Today in conservative media: a win for speech at the Supreme Court

Today in Conservative Media: Applause for a Free Speech Victory at the Supreme Court

Today in Conservative Media: Applause for a Free Speech Victory at the Supreme Court

The Slatest
Your News Companion
June 19 2017 7:49 PM

Today in Conservative Media: Applause for a Free Speech Victory at the Supreme Court

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Justice Neil Gorsuch and Chief Justice John Roberts talk outside the U.S. Supreme Court in Washington, D.C., on Thursday.

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There was praise across conservative media for the Supreme Court’s 8-0 ruling in Matal v. Tam, a case stemming from the government’s refusal to register the band name the Slants as a trademark given potential offense. “If you’re a lawyer arguing against free speech at the Supreme Court, be prepared to lose,” National Review’s David French wrote:

Given existing First Amendment jurisprudence, there would have been a constitutional earthquake if SCOTUS hadn’t ruled for Tam. The Court has long held that the Constitution protects all but the narrowest categories of speech. Yet time and again, governments (including colleges) have tried to regulate “offensive” speech. Time and again, SCOTUS has defended free expression. Today was no exception. Writing for a unanimous Court, Justice Alito noted that the Patent and Trademark Office was essentially arguing that “the Government has an interest in preventing speech expressing ideas that offend.”
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The Daily Wire’s Ben Shapiro wrote that the court’s ruling in 1969’s Brandenburg v. Ohio, which found that the government’s ability to regulate speech is largely limited to cases of immediate incitement to unlawful action or violence, is being exploited by anti-speech partisans on both sides of the political spectrum. “If as a culture we begin to identify words with violence,” he wrote, “ if we begin to suggest that a production of Julius Caesar is an incitement to assassination, or if we state that Sarah Palin’s targeted district map is an incitement to violence, or if we explain that Charles Murray must be banned from campus because his research on IQ might lead to discrimination – we’re going to start banning words in the near future.”

Hot Air’s Allahpundit noted the case’s particular relevance for the Washington, D.C., NFL team:

The victorious petitioners here were the band “The Slants,” a group of Asian-Americans that chose a derogatory term for themselves in order to subvert the stigma of the word. In hindsight, that may have worked to the Redskins’ advantage: The Slants are a more sympathetic petitioner in that they’re average joes, not a well-heeled sports team, and the “disparagement” argument seems especially ridiculous in their case. No one adopts a slur for a racial group to which they belong for the purpose of “disparaging” themselves, after all. They do it to undermine the disparaging connotation. The Redskins didn’t adopt their name for disparaging reasons either—teams don’t name themselves after things they disdain—but the fact remains that the organization is an example of non-Native people using a mascot which some Native Americans find offensive.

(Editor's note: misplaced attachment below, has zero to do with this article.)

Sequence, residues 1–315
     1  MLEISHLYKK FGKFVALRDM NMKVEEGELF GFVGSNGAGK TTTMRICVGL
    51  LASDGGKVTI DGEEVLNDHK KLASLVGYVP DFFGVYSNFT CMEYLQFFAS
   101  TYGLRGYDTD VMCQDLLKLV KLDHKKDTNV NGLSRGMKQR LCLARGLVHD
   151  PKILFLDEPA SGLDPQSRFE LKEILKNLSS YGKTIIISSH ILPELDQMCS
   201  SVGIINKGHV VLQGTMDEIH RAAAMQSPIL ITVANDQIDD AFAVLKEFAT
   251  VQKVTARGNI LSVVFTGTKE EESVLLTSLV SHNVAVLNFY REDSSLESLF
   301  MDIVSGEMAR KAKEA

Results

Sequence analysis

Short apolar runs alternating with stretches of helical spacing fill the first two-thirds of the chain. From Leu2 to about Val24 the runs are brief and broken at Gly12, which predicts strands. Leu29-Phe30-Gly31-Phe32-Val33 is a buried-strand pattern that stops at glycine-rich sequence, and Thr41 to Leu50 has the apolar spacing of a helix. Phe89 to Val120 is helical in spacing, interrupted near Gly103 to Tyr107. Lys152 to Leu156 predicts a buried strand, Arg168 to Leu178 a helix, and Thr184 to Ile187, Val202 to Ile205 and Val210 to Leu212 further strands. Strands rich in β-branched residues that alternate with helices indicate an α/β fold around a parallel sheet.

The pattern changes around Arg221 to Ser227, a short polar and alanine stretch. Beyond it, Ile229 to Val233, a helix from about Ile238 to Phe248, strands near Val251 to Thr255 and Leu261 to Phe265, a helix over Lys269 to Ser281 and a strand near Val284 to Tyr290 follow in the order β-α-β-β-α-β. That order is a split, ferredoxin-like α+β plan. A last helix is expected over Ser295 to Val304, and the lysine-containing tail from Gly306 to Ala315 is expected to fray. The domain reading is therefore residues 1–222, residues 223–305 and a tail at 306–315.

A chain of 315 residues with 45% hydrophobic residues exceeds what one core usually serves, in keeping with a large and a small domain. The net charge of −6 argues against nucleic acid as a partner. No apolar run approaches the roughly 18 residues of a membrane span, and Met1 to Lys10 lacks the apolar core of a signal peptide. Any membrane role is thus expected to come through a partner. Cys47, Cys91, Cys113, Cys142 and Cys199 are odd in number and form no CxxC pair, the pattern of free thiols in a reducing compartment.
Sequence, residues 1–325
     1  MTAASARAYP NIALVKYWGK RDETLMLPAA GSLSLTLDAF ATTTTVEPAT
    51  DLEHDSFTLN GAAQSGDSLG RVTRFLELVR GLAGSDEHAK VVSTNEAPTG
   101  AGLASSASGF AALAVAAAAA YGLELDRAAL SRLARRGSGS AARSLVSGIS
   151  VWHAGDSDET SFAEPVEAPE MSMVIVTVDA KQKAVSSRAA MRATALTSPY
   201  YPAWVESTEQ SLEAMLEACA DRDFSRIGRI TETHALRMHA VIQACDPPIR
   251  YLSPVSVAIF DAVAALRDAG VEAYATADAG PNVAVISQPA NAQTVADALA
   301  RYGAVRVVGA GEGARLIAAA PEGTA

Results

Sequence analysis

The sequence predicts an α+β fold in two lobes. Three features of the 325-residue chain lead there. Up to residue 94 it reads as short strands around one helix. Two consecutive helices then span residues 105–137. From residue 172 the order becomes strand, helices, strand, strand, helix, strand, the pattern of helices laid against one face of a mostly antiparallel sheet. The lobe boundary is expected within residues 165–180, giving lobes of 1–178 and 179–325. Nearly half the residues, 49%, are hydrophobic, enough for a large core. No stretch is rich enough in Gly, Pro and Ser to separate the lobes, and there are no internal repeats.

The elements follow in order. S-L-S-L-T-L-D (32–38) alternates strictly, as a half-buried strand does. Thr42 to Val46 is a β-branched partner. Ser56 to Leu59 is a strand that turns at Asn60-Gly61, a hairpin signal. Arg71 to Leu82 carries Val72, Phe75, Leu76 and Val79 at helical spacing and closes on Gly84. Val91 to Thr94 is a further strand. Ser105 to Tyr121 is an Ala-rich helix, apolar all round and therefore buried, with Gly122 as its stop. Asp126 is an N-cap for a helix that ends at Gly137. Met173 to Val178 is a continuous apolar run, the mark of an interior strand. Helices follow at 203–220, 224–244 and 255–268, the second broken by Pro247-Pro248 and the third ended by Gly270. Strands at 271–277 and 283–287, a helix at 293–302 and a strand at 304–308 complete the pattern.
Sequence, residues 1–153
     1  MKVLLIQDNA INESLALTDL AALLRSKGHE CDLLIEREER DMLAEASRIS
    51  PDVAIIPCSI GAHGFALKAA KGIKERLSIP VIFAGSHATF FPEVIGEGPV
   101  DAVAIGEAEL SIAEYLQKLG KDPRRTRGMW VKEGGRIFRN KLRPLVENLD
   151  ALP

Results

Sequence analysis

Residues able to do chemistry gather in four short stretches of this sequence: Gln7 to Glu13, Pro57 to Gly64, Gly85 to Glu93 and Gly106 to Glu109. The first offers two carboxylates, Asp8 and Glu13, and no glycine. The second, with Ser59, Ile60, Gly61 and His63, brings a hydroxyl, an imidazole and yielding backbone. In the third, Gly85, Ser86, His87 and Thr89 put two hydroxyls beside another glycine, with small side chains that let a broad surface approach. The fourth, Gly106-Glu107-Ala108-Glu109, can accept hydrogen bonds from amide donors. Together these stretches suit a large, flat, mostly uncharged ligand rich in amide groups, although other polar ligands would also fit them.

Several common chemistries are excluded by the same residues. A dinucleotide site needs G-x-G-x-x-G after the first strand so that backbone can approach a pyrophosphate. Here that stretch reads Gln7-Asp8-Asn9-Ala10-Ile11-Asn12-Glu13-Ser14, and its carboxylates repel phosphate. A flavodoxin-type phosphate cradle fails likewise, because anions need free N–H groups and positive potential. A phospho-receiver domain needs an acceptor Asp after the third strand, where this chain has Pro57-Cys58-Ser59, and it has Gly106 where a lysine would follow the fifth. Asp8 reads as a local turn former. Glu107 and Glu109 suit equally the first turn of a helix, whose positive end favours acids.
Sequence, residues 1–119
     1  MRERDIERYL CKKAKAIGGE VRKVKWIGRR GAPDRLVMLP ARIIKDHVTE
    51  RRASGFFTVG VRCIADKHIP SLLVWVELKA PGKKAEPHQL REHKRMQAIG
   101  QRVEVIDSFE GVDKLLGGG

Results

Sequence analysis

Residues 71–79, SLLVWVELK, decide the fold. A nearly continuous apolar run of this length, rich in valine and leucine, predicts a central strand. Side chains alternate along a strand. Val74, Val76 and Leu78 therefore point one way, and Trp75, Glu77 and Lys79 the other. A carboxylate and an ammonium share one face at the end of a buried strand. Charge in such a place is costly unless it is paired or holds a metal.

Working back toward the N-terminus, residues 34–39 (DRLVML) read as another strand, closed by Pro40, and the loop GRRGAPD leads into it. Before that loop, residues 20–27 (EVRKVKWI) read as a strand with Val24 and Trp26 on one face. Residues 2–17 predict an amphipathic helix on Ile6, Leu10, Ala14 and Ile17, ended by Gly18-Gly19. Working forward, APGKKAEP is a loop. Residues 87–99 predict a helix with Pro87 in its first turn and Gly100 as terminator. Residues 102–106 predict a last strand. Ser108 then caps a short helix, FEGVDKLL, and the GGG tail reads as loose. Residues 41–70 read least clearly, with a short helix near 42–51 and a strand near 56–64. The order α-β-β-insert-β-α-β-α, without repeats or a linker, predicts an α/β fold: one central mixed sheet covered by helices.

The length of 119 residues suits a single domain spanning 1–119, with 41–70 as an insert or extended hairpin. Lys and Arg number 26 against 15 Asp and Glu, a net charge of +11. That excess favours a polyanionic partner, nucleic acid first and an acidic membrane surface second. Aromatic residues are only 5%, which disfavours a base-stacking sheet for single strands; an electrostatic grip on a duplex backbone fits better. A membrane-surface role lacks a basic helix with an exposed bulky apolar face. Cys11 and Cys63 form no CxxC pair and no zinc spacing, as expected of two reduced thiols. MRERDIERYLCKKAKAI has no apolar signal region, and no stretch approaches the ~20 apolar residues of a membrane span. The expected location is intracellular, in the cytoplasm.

In other news:

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Many commentators criticized comedian Lena Dunham for tweeting over the weekend that people don’t necessarily need fathers. “So many families work so many ways,” she wrote.

“Dads matter,” RedState’s Amelia Hamilton responded. “Fathers Day seems like a weird day to say that they don’t.” The Daily Wire’s Amanda Prestigiacomo called Dunham a coward for later deleting the tweet and had an exchange with Dunham herself on Twitter.

“Overall, children who experience fatherlessness have lower achievement in school and higher levels of aggression and delinquency,” Prestigiacomo wrote in a post. “If Dunham truly cared about families, children and ‘feminism,’ wouldn’t it be in her best interest to advocate for more men to rightfully fulfill their duty to be present fathers? Apparently not.”

Several outlets took CBS’ Scott Pelley to task for questioning whether the congressional baseball shooting was “foreseeable, predictable and to some degree, self-inflicted” given heightened political rhetoric on all sides.

“Pelley devoted one short sentence to the GOP shooter’s support for Bernie Sanders before focusing exclusively President Donald Trump’s tweet referring to the media as the ‘enemy of the people,’ and recounting his response to reporters that language inciting violence did not ‘worry’ him,” the Daily Caller’s Will Ricciardella wrote.

Finally, the Resurgent’s Erick Erickson wrote that the political left is “becoming the American ISIS,” in a post titled “Let’s Consider Secession.” “Both the left and parts of the right are now all using the Alinsky playbook, which itself was dedicated to Satan,” he wrote.

Federalism should be the answer. Those who want gay marriage and kid killing should be allowed to do it in their state and those who want to live in state that does not allow gay marriage or the murder of children should be allowed to. The founders wanted us to solve those moral issues at the state level and allow each state its own values and ways. That is how it should work. That would be the cure for what ails us.
But let’s not kid ourselves. If Texas decided to end abortion on demand and prohibit gay marriage, three-quarters of the Fortune 500, the NCAA, and every professional sports league would boycott the state. It is not enough that each state should be able to set its own values, even here the left demands adherence to its beliefs and punishment for the beliefs of others. So there is no escape from the culture war.